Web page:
[SALADIÉ, Òscar; OLIVERAS, Josep (2010). Desenvolupament sostenible. Tarragona, Universitat Rovira i Virgili, p. 78-79]

It is commonly believed that the first cities appeared a little more than 5000 years ago, when after the Neolithic Revolution allows the development of the agriculture, a subsequent population increase, which causes the growth of the ancient rural settlements.

These rural settlements were created accordingly to the needs of a quantitatively very small community, strongly linked to the agriculture and the natural environment phenomena. The progressive population growth allowed the transformation of these settlements into urban centres, which involved the expansion of the cultivated land at the expense of the vegetation. The young cities need to have a good agrarian economic base in order to feed a social group that has been freed from the agricultural activities so as to devote themselves to manage and administer the city, to legislate, to keep order and safety, to trade or to guide people spiritually. Some examples of these early cities are Uruk (Sumer), Damascus (Syria), Memphis (Egyptian Empire), Jericho (Palestine) or Tikal (Mayan Empire).

From that moment on, new cities have appeared involving a continuous population and surface growth, and a subsequent needs increase of the resources, so as to maintain them with food, water and a great diversity of material for building, for tools and weapons manufacture, for ornamentation, etc. This resources need involves a larger exploitation of the territory and the creation of conflicts with other cities for controlling these resources. At the same time, these large population concentrations involve the first environmental problems, as water contamination and the subsequent fecundity loss of many agricultural areas, as a result of the overexploitation, or, in some cases, salinisation, as a result of an inadequate use of the irrigation, which brought lands to standstill.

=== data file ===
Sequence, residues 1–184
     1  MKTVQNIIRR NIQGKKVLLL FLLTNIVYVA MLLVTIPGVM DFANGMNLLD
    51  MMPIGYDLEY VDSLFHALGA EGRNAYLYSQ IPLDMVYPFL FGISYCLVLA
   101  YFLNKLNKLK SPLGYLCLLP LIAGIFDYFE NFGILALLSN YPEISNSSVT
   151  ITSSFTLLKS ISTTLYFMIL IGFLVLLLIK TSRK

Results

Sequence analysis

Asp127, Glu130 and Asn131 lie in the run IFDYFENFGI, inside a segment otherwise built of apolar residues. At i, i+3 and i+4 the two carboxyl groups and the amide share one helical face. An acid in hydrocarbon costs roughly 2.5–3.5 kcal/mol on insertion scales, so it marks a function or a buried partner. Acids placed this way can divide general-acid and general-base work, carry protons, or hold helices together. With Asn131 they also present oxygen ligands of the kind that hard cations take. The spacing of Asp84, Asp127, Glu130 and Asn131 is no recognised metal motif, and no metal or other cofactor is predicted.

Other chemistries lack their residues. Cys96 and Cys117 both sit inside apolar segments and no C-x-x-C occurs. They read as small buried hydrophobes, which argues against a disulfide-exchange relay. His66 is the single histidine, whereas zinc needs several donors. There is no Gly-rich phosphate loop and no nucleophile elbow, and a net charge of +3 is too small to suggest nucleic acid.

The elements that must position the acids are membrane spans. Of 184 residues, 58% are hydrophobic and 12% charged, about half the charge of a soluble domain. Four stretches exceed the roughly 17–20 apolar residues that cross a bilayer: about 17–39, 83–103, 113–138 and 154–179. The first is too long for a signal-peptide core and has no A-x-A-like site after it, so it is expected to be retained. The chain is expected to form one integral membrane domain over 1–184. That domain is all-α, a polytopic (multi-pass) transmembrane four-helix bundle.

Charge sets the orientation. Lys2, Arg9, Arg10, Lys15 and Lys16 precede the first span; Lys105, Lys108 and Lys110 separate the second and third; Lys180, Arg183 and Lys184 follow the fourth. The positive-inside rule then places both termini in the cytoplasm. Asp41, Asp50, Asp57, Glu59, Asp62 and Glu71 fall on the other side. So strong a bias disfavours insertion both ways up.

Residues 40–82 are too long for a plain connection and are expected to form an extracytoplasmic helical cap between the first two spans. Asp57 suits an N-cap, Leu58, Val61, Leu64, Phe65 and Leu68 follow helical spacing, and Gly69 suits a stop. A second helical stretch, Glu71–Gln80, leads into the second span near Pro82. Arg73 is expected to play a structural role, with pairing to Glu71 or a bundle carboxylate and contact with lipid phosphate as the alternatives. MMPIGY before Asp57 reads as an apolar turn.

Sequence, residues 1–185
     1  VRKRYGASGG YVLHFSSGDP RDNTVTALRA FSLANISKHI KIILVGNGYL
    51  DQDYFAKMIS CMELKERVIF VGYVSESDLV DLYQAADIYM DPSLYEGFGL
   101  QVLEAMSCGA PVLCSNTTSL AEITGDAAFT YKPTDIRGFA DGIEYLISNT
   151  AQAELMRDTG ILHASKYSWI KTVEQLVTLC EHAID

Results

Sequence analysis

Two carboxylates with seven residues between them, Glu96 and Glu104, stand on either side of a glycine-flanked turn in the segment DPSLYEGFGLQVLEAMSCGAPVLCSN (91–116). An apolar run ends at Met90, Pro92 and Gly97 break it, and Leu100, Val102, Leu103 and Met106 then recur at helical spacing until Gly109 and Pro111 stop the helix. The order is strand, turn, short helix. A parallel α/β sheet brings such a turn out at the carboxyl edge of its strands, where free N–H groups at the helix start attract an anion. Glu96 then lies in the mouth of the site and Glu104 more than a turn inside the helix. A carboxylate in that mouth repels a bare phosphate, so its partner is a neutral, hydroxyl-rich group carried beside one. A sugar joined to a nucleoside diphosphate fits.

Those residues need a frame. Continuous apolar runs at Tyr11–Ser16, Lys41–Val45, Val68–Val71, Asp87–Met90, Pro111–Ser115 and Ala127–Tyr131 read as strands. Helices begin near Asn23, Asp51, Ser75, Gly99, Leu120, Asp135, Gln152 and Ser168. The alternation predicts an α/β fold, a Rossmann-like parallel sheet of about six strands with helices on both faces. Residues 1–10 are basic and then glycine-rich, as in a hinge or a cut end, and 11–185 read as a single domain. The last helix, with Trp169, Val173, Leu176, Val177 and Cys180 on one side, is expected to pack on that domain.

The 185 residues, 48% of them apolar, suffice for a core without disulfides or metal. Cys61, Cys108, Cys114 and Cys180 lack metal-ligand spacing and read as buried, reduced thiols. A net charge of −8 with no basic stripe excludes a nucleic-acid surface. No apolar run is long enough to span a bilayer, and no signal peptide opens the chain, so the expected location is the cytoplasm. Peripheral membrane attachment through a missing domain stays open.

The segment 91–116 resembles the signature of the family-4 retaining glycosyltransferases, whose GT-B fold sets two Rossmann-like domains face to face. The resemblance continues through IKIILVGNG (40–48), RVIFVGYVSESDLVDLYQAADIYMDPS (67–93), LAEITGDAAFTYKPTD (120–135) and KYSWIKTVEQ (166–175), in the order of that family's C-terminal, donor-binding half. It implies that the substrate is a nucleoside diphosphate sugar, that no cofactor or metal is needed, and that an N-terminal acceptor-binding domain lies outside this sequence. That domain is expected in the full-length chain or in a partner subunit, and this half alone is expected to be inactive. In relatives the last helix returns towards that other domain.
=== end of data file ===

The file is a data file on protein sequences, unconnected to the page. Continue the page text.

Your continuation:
This height of cities creation can be still found in Classical Greece (the polis) and in Roman Empire (Rome has reached 1 million inhabitants at its greatest height). After the Roman Empire disintegration, in the Middle Ages, the Western European cities suffered a decline, while Byzantium and other Muslim cities as Bagdad or Cordoba were enjoying their greatest moments of splendour.

Later, the regeneration of the trade stimulated the redevelopment of the Western European countries, which become again centres of products exchange with markets and fairs. However, the cities were the centres that most suffered from food crisis and epidemics which periodically hit the preindustrial societies. Black Death, for instance, was one of the deadliest pandemics that struck Europe in the second half of the XIV century.

Cities have always received rural population. This fact has been speeded up by the Industrial Revolution and it caused a great agglomeration, since cities were not planned for fitting such a great number of people, nor the industrial activities they were developing. Now, a part from the water pollution, there is also air pollution, which, together with the lack of hygiene, causes great public health problems. There is a German saying from the XI or XII century that says ‘stadluft macht frei’, that is, ‘city air makes you free’. Within the context of the XI-XII century, migrating to the city and breathing its air was a revolution for the rural population, since it released people from the feudal slavery. But later, the Industrial Revolution turned the air of many cities unbreathable. The urban environment has been degraded by its own growth, which has been often excessive and has entailed the continuously increasing land occupation, air and water pollution, climate modification, noise and light pollution, waste generation. The final result is the contamination of the entire environment, which brings serious public health problems.